Book Image

ASP.NET Core 5 for Beginners

By : Andreas Helland, Vincent Maverick Durano, Jeffrey Chilberto, Ed Price
Book Image

ASP.NET Core 5 for Beginners

By: Andreas Helland, Vincent Maverick Durano, Jeffrey Chilberto, Ed Price

Overview of this book

ASP.NET Core 5 for Beginners is a comprehensive introduction for those who are new to the framework. This condensed guide takes a practical and engaging approach to cover everything that you need to know to start using ASP.NET Core for building cloud-ready, modern web applications. The book starts with a brief introduction to the ASP.NET Core framework and highlights the new features in its latest release, ASP.NET Core 5. It then covers the improvements in cross-platform support, the view engines that will help you to understand web development, and the new frontend technologies available with Blazor for building interactive web UIs. As you advance, you’ll learn the fundamentals of the different frameworks and capabilities that ship with ASP.NET Core. You'll also get to grips with securing web apps with identity implementation, unit testing, and the latest in containers and cloud-native to deploy them to AWS and Microsoft Azure. Throughout the book, you’ll find clear and concise code samples that illustrate each concept along with the strategies and techniques that will help to develop scalable and robust web apps. By the end of this book, you’ll have learned how to leverage ASP.NET Core 5 to build and deploy dynamic websites and services in a variety of real-world scenarios.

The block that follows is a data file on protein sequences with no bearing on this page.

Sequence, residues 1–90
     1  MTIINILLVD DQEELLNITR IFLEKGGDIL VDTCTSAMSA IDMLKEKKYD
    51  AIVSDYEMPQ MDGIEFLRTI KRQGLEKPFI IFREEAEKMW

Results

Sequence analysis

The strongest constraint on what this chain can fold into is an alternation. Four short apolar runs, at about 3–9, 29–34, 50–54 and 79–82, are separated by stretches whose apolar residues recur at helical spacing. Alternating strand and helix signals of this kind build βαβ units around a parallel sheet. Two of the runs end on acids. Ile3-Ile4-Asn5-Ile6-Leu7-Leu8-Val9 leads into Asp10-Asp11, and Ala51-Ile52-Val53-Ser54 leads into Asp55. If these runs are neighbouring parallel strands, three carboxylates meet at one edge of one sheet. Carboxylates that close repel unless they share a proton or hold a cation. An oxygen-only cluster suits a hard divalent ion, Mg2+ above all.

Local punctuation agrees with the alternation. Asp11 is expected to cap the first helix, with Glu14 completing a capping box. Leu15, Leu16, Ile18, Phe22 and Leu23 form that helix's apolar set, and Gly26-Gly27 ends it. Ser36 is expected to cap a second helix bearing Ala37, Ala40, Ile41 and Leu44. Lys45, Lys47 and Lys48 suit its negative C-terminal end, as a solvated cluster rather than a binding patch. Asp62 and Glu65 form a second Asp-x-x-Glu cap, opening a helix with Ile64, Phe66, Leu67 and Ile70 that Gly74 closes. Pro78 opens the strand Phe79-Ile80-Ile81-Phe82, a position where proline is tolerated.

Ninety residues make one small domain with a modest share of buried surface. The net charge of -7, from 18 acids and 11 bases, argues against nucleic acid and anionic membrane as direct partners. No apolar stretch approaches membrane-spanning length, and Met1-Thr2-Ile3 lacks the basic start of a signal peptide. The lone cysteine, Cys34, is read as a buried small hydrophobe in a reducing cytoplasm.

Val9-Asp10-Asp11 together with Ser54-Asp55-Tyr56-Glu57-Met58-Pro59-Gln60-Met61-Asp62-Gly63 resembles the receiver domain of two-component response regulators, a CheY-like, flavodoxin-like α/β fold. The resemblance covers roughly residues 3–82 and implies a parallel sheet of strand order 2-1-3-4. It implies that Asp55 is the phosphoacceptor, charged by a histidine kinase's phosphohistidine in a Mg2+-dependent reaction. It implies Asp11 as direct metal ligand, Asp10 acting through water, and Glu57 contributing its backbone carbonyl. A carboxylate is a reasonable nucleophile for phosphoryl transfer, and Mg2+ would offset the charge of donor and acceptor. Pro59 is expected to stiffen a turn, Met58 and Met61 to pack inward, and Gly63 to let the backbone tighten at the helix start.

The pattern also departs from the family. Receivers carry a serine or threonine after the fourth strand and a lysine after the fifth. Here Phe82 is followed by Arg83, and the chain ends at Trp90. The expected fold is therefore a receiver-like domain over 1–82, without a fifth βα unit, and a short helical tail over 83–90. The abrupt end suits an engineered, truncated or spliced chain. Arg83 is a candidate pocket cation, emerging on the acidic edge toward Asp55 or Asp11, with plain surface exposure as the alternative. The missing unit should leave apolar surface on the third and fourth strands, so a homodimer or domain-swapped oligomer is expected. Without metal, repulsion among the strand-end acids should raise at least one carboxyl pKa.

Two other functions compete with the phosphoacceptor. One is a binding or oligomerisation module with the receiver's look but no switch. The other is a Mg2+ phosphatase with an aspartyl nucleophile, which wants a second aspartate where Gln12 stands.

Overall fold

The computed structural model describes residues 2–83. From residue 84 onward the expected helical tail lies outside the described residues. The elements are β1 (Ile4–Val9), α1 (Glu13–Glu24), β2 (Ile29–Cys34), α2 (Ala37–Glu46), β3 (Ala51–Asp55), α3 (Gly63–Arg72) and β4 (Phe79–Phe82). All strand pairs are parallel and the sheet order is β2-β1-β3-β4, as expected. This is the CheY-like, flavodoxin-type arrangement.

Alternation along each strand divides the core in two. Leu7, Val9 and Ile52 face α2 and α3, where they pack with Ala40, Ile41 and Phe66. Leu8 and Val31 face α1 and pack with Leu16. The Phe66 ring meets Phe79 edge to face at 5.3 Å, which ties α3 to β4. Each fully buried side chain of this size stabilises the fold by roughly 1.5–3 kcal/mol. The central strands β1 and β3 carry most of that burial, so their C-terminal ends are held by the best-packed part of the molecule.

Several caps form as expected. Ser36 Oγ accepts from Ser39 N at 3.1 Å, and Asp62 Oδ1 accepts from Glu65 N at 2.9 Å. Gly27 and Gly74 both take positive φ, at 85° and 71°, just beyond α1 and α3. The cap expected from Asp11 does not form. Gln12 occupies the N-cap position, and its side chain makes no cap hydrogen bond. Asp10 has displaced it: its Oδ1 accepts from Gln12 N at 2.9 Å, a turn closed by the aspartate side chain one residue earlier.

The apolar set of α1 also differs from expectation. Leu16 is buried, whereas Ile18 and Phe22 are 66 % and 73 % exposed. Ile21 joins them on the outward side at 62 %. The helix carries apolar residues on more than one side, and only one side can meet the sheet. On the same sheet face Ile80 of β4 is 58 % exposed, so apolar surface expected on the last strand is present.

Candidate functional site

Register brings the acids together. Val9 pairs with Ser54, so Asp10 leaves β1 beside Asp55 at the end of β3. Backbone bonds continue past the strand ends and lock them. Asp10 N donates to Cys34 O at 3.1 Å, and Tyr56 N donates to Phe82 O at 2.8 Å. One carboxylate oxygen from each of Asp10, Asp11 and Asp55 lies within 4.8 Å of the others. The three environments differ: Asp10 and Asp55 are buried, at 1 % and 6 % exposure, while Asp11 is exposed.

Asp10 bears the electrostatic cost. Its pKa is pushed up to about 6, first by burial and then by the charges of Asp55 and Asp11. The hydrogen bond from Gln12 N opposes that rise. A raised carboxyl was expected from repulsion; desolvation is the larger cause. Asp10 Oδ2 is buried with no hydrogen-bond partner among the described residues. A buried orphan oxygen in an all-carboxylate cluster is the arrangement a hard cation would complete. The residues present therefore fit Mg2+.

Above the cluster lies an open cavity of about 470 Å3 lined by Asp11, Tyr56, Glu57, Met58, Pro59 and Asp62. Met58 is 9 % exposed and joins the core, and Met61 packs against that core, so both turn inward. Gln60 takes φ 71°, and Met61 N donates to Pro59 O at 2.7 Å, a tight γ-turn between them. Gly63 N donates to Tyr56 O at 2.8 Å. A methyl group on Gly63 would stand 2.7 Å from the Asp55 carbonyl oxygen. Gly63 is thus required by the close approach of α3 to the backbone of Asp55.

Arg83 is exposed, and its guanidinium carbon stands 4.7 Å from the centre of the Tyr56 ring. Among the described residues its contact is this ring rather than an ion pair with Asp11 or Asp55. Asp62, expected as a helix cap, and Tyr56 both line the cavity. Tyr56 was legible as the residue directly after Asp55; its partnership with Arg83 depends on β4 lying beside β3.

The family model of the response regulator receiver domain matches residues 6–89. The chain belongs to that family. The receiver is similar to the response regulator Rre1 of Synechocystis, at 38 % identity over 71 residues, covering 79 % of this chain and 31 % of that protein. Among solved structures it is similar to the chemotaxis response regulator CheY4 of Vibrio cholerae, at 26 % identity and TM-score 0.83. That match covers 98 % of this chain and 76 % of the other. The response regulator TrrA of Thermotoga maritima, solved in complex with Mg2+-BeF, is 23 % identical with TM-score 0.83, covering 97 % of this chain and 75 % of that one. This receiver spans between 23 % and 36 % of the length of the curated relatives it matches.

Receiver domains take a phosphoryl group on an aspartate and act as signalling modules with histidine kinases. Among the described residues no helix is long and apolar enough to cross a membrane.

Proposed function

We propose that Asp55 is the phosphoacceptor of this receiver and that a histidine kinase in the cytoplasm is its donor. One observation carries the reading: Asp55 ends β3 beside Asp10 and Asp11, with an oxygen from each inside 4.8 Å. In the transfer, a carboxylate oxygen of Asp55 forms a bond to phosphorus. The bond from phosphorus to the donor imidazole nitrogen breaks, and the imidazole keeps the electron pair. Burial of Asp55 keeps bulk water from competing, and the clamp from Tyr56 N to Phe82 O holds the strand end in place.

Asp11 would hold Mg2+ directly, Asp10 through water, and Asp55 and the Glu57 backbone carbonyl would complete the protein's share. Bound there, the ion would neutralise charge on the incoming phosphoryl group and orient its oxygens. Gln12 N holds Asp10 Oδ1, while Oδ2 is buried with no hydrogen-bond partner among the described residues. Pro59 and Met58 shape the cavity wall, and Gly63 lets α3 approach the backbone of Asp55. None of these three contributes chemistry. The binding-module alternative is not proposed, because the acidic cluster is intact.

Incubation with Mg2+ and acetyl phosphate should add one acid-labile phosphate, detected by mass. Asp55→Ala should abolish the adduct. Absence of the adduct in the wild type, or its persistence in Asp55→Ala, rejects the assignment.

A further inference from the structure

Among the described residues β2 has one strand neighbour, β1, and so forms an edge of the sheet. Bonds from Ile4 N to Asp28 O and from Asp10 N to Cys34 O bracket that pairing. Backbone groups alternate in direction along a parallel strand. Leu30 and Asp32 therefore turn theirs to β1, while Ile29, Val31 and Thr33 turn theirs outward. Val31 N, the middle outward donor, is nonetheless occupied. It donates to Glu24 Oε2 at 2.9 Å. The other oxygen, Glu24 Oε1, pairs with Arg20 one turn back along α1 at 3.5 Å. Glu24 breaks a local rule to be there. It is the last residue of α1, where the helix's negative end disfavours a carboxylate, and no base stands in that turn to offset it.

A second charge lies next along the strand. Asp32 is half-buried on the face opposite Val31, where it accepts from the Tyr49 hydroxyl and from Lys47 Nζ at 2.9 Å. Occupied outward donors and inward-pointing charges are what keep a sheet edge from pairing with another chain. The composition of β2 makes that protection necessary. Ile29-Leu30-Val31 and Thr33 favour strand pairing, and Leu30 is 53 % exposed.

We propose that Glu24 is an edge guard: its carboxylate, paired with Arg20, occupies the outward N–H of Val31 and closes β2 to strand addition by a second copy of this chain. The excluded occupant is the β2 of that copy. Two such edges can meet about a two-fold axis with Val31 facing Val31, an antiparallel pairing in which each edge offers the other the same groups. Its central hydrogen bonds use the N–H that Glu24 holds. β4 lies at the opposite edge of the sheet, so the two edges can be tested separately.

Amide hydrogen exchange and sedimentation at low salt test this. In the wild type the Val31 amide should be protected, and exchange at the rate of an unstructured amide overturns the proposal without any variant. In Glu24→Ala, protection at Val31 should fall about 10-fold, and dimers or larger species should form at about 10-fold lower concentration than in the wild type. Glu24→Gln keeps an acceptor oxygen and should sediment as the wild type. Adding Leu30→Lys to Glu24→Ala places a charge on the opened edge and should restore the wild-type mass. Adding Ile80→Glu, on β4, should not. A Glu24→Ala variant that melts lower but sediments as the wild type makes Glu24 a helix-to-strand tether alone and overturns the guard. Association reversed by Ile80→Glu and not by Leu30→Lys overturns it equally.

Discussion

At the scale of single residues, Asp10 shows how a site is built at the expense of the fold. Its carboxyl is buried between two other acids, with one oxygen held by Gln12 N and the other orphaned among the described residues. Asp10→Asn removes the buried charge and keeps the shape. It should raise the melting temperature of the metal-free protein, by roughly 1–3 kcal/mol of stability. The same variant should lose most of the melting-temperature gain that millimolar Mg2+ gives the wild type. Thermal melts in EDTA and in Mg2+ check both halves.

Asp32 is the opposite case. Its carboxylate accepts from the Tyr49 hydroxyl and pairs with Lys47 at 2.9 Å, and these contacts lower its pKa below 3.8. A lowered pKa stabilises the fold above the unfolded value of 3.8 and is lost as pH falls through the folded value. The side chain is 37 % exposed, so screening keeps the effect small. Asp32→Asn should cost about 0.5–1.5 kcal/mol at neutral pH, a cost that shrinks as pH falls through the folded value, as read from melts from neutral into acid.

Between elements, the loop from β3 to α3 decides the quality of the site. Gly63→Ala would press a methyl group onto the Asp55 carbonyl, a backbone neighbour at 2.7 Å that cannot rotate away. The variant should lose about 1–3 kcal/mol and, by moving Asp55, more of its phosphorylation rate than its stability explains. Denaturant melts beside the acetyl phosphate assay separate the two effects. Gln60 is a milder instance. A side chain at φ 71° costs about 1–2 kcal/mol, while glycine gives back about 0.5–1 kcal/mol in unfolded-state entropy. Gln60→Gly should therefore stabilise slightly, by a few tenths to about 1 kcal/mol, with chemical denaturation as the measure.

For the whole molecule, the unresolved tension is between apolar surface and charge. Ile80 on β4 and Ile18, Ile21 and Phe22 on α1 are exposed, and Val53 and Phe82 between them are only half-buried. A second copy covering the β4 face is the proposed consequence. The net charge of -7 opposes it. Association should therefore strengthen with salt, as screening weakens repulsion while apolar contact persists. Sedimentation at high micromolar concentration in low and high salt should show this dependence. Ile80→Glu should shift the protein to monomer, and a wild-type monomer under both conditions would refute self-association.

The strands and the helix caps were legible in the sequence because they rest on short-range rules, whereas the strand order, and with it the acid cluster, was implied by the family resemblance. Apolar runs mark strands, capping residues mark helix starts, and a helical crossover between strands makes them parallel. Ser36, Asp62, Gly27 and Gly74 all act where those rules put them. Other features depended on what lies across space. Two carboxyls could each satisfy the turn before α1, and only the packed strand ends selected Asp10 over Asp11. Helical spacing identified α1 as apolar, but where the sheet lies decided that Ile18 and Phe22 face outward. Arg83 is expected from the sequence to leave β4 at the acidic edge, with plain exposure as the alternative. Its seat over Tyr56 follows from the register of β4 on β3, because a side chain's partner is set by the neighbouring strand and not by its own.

Table of Contents (19 chapters)
1
Section 1 – Crawling
7
Section 2 – Walking
12
Section 3 – Running

Leveraging the .NET framework

Starting with a bit of trivia, there was a time when Microsoft played very well with other operating systems. When Windows 3.0 was developed, Microsoft collaborated with IBM in developing an operating system called OS/2. Windows ran on top of MS-DOS, so it was not technically an operating system like it is today. In contrast, OS/2 was a complete operating system, without requiring you to go through DOS first. The nifty thing about OS/2 was that it included binaries from Windows, so it was able to run Windows applications on a non-MS operating system. Not only that, but since OS/2 had a different model of operating and more advanced (at the time) memory management, it was able to run Windows apps better than Windows itself. Instead of the entire computer locking up when an application crashed, you just terminated the app before you continued what you were doing.

The partnership was not without its problems, both culturally and technologically. The two...